Michelle Bartsch-Hackley

Former Illinois All-American Michelle Bartsch-Hackley (14) was officially named to the U.S. Olympic team Monday along with fellow former Illini Jordyn Poulter. Both will make their Olympic debut next month in Japan.

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COLORADO SPRINGS, Colo. — Michelle Bartsch-Hackley wound up an alternate for the U.S. women’s national volleyball team ahead of the 2016 Summer Olympics in Rio de Janeiro.

One of the last cuts for the team that would ultimately win a bronze medal.

Little question exsisted that Bartsch-Hackley would make the team for the postponed 2021 Tokyo Olympics after she carved out a prominent role in the last four-plus years as an offensive threat for the national team.

The three-time All-American and Illinois Hall of Famer had to wait a bit longer because the COVID-19 pandemic delayed the Tokyo Olympics a full calendar year, but she’ll make her Olympic debut next month in Japan.

The 31-year-old Bartsch-Hackley was one of 12 athletes officially named to the U.S. Olympic team Monday along with fellow former Illinois All-American Jordyn Poulter. A third former Illini, Erin Virtue, has been a full-time national team assistant since 2018.

“I think the team is very different from 2016,” Bartsch-Hackley told The News-Gazette. “I’m really excited to be playing with this group. There’s a lot of young ones on there, including Poulter, and I think we have a ton of potential. I’m really excited to even be involved and just really happy.”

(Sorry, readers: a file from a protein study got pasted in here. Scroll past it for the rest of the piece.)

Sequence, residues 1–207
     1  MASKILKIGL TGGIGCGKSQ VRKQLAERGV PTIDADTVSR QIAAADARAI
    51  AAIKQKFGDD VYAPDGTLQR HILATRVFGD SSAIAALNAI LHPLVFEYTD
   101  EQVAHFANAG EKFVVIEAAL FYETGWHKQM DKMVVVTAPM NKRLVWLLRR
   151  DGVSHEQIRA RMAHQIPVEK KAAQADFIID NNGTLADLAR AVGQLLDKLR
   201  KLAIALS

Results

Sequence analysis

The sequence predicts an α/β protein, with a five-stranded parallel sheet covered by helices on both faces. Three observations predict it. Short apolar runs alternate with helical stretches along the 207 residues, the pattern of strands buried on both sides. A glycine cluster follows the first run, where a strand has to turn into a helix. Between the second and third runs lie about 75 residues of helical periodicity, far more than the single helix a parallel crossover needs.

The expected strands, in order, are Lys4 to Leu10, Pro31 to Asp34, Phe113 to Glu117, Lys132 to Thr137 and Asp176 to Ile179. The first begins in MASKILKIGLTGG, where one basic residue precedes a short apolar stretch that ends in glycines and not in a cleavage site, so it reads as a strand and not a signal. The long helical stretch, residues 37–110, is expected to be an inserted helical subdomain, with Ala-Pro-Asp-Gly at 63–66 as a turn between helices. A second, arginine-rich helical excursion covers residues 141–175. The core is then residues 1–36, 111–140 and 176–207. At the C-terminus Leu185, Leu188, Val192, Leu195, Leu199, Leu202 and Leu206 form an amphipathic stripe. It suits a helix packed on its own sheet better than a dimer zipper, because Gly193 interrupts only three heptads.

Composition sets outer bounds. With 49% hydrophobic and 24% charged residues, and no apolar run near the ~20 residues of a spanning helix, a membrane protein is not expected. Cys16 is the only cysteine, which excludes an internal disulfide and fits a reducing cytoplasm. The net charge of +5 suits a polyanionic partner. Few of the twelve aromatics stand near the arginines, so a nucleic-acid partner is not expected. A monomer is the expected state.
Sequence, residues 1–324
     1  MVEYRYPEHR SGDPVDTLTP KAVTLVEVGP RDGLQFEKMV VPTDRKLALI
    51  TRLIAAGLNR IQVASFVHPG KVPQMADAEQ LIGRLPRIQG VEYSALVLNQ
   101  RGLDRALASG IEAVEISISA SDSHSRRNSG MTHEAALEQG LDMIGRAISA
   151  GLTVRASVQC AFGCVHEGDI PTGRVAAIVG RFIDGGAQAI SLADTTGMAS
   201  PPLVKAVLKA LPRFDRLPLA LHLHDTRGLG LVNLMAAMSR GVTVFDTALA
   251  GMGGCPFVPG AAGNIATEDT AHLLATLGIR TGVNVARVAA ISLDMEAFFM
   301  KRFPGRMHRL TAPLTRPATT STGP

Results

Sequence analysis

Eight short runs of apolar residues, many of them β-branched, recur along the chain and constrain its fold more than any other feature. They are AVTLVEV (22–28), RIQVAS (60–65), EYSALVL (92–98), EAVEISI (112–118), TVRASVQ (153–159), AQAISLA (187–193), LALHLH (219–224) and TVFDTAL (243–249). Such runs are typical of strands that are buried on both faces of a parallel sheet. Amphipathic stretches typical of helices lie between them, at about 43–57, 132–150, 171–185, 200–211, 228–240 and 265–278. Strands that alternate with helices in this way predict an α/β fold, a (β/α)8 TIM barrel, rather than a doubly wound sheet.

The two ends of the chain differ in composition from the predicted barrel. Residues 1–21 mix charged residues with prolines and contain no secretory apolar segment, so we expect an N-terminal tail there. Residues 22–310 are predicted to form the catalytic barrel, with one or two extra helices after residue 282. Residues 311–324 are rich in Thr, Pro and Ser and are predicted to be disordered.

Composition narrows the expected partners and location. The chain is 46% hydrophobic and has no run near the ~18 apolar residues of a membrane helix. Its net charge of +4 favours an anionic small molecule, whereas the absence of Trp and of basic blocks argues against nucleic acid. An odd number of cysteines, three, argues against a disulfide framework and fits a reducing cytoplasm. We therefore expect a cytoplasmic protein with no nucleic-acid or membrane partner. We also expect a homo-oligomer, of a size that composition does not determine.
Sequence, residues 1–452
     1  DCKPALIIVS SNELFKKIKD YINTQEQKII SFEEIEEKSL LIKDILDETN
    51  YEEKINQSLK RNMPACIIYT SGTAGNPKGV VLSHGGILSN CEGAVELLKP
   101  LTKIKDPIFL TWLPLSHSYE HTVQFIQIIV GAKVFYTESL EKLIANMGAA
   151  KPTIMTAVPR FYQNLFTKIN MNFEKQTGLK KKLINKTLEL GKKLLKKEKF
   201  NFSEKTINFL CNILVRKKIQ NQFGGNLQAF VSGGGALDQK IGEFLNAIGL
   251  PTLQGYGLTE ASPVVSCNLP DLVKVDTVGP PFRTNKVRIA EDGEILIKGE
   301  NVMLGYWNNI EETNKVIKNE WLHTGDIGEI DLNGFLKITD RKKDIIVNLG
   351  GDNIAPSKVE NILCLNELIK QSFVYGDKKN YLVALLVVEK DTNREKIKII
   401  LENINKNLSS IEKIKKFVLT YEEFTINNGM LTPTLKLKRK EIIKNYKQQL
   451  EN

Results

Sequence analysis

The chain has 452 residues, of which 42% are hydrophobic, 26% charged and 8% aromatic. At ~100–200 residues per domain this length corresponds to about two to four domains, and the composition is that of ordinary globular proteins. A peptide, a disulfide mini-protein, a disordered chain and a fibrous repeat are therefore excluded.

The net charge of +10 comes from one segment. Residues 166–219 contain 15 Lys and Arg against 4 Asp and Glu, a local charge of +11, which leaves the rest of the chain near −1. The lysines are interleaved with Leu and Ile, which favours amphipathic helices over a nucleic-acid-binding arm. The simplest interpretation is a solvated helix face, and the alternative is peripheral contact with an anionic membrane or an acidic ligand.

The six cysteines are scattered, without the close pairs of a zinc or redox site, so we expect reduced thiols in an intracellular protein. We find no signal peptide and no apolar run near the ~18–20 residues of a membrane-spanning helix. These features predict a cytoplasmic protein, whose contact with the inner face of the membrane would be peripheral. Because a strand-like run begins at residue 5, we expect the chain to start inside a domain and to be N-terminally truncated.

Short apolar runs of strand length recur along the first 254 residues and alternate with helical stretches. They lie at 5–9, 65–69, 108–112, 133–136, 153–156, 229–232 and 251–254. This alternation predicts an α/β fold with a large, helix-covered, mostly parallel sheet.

The current U.S. Olympic roster features a pair of three-time Olympians in Jordan Larson and Foluke Akinradewo Gunderson, who won silver medals in 2012 in London. Kim Hill and Kelsey Robinson also return after winning bronze in 2016.

While the makeup of this year’s team — four returning Olympians and eight newcomers — is similar to the 2016 squad, the current roster skews a bit younger. Three-fourths of the athletes on the roster are in their 20s, and the average age of the roster is 25.

“I think some of the pieces are the same, but we’ve put in a lot of work off the court because that was kind of the only thing we were able to do for a long time,” Bartsch-Hackley said of the group going to Tokyo compared to what it might have been a year ago. “We were making those connections and relationships stronger because there’s such a younger presence than there was. I’m proud of this group and how far we’ve come.”

Poulter is the youngest athlete on the roster and will turn 24 during the Olympics.

“There really isn’t a way to put into words how I am feeling,” Poulter said in a statement. “Making an Olympic roster is something that so many people dream of achieving — it is what I have always dreamed of doing — and now it is coming into fruition. I feel so much gratitude to be able to wear the USA flag on my jersey and I am honored to be able to represent our country in Tokyo this summer.”

Bartsch-Hackley and Poulter’s connection was already strong. The two didn’t overlap at Illinois — Bartsch-Hackley graduated in 2011 after helping the Illini reach the NCAA championship match and Poulter in 2018 after guiding Illinois to its most recent Final Four appearance — but their relationship developed before the latter ever played for the Illini.